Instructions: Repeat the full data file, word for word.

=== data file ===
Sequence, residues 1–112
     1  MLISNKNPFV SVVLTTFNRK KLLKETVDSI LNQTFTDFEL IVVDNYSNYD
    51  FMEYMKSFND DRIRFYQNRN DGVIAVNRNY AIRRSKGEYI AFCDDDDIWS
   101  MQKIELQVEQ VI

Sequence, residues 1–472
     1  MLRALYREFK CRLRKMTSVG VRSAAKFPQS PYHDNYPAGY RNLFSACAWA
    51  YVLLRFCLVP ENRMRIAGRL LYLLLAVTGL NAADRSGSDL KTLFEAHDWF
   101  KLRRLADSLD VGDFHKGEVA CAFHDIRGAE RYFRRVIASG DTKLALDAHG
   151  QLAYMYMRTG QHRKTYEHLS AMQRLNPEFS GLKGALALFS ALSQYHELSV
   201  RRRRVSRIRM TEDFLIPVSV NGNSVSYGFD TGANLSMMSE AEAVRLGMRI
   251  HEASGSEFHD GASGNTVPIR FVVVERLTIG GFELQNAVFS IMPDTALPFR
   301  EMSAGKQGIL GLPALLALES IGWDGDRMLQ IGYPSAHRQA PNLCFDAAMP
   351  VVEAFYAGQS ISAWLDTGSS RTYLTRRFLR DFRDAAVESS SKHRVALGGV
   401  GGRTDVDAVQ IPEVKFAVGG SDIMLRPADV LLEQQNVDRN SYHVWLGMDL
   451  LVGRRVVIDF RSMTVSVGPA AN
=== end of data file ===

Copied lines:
Sequence, residues 1–112
     1  MLISNKNPFV SVVLTTFNRK KLLKETVDSI LNQTFTDFEL IVVDNYSNYD
    51  FMEYMKSFND DRIRFYQNRN DGVIAVNRNY AIRRSKGEYI AFCDDDDIWS
   101  MQKIELQVEQ VI

Sequence, residues 1–472
     1  MLRALYREFK CRLRKMTSVG VRSAAKFPQS PYHDNYPAGY RNLFSACAWA
    51  YVLLRFCLVP ENRMRIAGRL LYLLLAVTGL NAADRSGSDL KTLFEAHDWF
   101  KLRRLADSLD VGDFHKGEVA CAFHDIRGAE RYFRRVIASG DTKLALDAHG
   151  QLAYMYMRTG QHRKTYEHLS AMQRLNPEFS GLKGALALFS ALSQYHELSV
   201  RRRRVSRIRM TEDFLIPVSV NGNSVSYGFD TGANLSMMSE AEAVRLGMRI
   251  HEASGSEFHD GASGNTVPIR FVVVERLTIG GFELQNAVFS IMPDTALPFR
   301  EMSAGKQGIL GLPALLALES IGWDGDRMLQ IGYPSAHRQA PNLCFDAAMP
   351  VVEAFYAGQS ISAWLDTGSS RTYLTRRFLR DFRDAAVESS SKHRVALGGV
   401  GGRTDVDAVQ IPEVKFAVGG SDIMLRPADV LLEQQNVDRN SYHVWLGMDL
   451  LVGRRVVIDF RSMTVSVGPA AN